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How much money should you be saving from each paycheck? More than you think

Saving money might be harder than you think.

One third of Americans who bring home $75,000 or more annually are struggling to put any money away in savings and are living paycheck to paycheck, according to a report released last week by SunTrust.

The survey found that 33 percent of households that make $75,000 or more each year claimed that a lack of financial discipline kept them from saving money. Similarly, 68 percent of those surveyed cited lifestyle choices — such as eating out and entertainment — as reasons for not saving money.

While these findings might be surprising, the fact is that even Americans who do manage to put some money aside aren’t saving enough.

“People are woefully under-saved, for both emergencies and retirement,” said Greg McBride, chief financial analyst at Bankrate.com.

McBride cited a similar study released earlier this year, which found that 18 percent of all Americans are saving nothing on a yearly basis, while 28 percent are saving a mere 5 percent of their annual incomes.

So how much should the average American be saving?

“Between emergency savings and the ever-increasing burden of retirement savings that is on the individual, the goal should be 15 percent of your income,” said McBride.

McBride said that while saving 15 percent of your income may seem daunting, it is possible — over time.

“For a lot of people, it won’t happen overnight,” said McBride. “It’s going to take some time, but it’s doable, as the middle class is showing.”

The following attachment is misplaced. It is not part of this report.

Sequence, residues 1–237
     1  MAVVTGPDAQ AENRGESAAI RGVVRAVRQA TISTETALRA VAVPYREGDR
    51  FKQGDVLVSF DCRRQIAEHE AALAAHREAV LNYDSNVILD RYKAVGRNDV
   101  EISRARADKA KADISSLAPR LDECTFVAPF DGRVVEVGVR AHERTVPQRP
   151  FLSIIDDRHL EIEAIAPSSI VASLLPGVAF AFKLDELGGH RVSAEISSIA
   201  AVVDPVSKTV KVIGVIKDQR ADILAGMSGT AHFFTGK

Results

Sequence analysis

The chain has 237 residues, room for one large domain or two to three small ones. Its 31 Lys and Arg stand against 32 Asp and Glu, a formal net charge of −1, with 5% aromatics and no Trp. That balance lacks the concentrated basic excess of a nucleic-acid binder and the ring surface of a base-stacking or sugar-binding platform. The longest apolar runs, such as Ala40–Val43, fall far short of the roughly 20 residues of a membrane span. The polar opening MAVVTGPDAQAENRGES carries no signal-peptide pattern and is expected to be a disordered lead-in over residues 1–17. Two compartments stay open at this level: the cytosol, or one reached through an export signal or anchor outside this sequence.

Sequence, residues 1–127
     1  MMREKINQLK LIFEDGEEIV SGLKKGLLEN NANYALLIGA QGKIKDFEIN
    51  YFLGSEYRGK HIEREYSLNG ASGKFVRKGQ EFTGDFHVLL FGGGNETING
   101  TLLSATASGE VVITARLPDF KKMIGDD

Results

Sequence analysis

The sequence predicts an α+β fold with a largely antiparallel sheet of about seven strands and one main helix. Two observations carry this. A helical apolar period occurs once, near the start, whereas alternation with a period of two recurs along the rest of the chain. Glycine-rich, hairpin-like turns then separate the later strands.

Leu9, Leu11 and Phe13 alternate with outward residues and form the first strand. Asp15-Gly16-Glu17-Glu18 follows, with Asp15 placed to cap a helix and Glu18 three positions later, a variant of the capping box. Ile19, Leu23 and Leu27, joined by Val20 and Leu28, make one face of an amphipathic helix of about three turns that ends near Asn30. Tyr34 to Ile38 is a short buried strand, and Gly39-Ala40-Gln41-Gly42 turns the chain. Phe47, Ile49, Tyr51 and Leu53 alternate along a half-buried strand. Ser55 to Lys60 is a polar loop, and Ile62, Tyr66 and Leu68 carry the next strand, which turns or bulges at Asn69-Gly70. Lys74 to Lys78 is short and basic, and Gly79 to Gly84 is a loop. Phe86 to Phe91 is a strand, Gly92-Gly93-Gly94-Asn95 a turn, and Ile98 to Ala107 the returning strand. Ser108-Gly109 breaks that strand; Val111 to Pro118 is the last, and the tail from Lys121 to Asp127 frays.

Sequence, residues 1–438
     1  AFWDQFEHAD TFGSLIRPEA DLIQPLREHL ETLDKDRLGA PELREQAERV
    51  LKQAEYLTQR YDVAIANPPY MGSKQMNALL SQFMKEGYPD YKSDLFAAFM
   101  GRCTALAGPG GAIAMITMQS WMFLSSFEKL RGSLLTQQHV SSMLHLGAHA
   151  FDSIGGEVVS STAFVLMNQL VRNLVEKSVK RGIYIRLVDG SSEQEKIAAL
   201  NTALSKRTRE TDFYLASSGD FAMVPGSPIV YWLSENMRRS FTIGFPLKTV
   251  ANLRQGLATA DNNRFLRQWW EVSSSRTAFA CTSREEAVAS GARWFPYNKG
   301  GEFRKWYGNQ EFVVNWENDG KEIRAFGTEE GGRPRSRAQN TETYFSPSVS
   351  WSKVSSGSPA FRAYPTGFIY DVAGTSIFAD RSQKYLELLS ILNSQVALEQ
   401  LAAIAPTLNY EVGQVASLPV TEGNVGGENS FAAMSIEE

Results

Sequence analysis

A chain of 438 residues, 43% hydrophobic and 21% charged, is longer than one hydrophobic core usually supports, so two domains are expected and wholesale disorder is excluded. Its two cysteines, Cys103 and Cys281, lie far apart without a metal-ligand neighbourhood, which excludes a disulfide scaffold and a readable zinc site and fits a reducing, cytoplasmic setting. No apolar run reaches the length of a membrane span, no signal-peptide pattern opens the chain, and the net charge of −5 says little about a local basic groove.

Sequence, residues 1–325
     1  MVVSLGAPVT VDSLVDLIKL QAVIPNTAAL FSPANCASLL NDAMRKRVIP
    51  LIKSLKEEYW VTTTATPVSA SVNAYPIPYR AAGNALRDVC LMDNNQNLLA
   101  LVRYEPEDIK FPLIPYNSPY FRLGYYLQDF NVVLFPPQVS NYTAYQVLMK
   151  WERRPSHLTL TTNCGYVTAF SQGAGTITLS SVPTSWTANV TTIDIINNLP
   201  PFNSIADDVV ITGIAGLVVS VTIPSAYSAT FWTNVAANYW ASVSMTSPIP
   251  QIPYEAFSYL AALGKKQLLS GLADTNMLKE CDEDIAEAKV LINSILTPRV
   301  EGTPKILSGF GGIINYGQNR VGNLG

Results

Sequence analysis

According to the Bankrate.com survey, it’s the middle-class that’s leading the savings charge. In fact, 35 percent of Americans who earn between $50,000 and $74,999 are managing to put away more than 10 percent of their income.

Make saving a habit

While people who make lesser annual amounts may think it’s harder to save money, most experts recommend saving what you can and building a habit of it.

“The easiest way I’ve found is to set aside a set amount of money from each paycheck and put it in a separate account,” said Dan Dzombak, a financial writer and analyst at The Motley Fool.

According to Beth Kobliner, author of “Get a Financial Life,” the earlier you can start saving, the better.

“Age 65 may seem like a million years from now, but the truth is, saving small amounts every day, every week, every month can really add up, and it’s very empowering,” Kobliner said.

Learn to live within your means

In today’s world, living within your means may sound old-fashioned. Access to credit cards, loans and other emergency funds easily allow you to spend more than you make. However, relying on credit cards has proved detrimental. According to the Federal Reserve, Americans have buried themselves beneath $853 billion in credit card debt.

According to a 2014 survey commissioned by the Consumer Federation of America, 66 percent of Americans admit to struggling to live within their means.

“Only about one-third of Americans are living within their means and think they are prepared for the long-term financial future,” said Stephen Brobeck, executive director of the CFA.

To learn to live within your means, consider the following tips:

  • Know how much you make
  • Spend less than you earn
  • Get off the credit card addiction
  • Forget trying to keep up with the Joneses
  • Use cash for as many purchases as possible

Email: tstahle@deseretdigital.com, Twitter: @tstahle15